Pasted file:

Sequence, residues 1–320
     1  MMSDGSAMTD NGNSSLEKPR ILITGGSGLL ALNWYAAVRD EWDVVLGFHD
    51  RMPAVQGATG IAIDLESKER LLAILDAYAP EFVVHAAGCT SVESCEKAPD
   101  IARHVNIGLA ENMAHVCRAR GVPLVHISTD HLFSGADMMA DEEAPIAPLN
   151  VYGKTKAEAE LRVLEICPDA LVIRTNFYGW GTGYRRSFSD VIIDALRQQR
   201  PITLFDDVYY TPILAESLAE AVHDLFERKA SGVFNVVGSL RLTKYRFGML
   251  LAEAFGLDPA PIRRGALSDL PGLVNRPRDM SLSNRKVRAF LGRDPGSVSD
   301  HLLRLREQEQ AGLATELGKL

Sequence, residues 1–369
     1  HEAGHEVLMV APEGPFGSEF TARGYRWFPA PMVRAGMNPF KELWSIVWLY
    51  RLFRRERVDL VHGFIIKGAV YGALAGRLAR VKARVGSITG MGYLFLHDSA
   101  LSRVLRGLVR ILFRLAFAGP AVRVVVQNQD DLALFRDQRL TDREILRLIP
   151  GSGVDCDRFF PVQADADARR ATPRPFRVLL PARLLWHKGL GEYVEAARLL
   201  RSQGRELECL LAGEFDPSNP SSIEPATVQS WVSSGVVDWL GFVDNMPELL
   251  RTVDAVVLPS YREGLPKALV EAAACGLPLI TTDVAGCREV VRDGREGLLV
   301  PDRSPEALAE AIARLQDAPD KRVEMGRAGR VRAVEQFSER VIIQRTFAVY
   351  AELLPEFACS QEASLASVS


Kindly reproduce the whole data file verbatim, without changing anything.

Sequence, residues 1–320
     1  MMSDGSAMTD NGNSSLEKPR ILITGGSGLL ALNWYAAVRD EWDVVLGFHD
    51  RMPAVQGATG IAIDLESKER LLAILDAYAP EFVVHAAGCT SVESCEKAPD
   101  IARHVNIGLA ENMAHVCRAR GVPLVHISTD HLFSGADMMA DEEAPIAPLN
   151  VYGKTKAEAE LRVLEICPDA LVIRTNFYGW GTGYRRSFSD VIIDALRQQR
   201  PITLFDDVYY TPILAESLAE AVHDLFERKA SGVFNVVGSL RLTKYRFGML
   251  LAEAFGLDPA PIRRGALSDL PGLVNRPRDM SLSNRKVRAF LGRDPGSVSD
   301  HLLRLREQEQ AGLATELGKL

Sequence, residues 1–369
     1  HEAGHEVLMV APEGPFGSEF TARGYRWFPA PMVRAGMNPF KELWSIVWLY
    51  RLFRRERVDL VHGFIIKGAV YGALAGRLAR VKARVGSITG MGYLFLHDSA
   101  LSRVLRGLVR ILFRLAFAGP AVRVVVQNQD DLALFRDQRL TDREILRLIP
   151  GSGVDCDRFF PVQADADARR ATPRPFRVLL PARLLWHKGL GEYVEAARLL
   201  RSQGRELECL LAGEFDPSNP SSIEPATVQS WVSSGVVDWL GFVDNMPELL
   251  RTVDAVVLPS YREGLPKALV EAAACGLPLI TTDVAGCREV VRDGREGLLV
   301  PDRSPEALAE AIARLQDAPD KRVEMGRAGR VRAVEQFSER VIIQRTFAVY
   351  AELLPEFACS QEASLASVS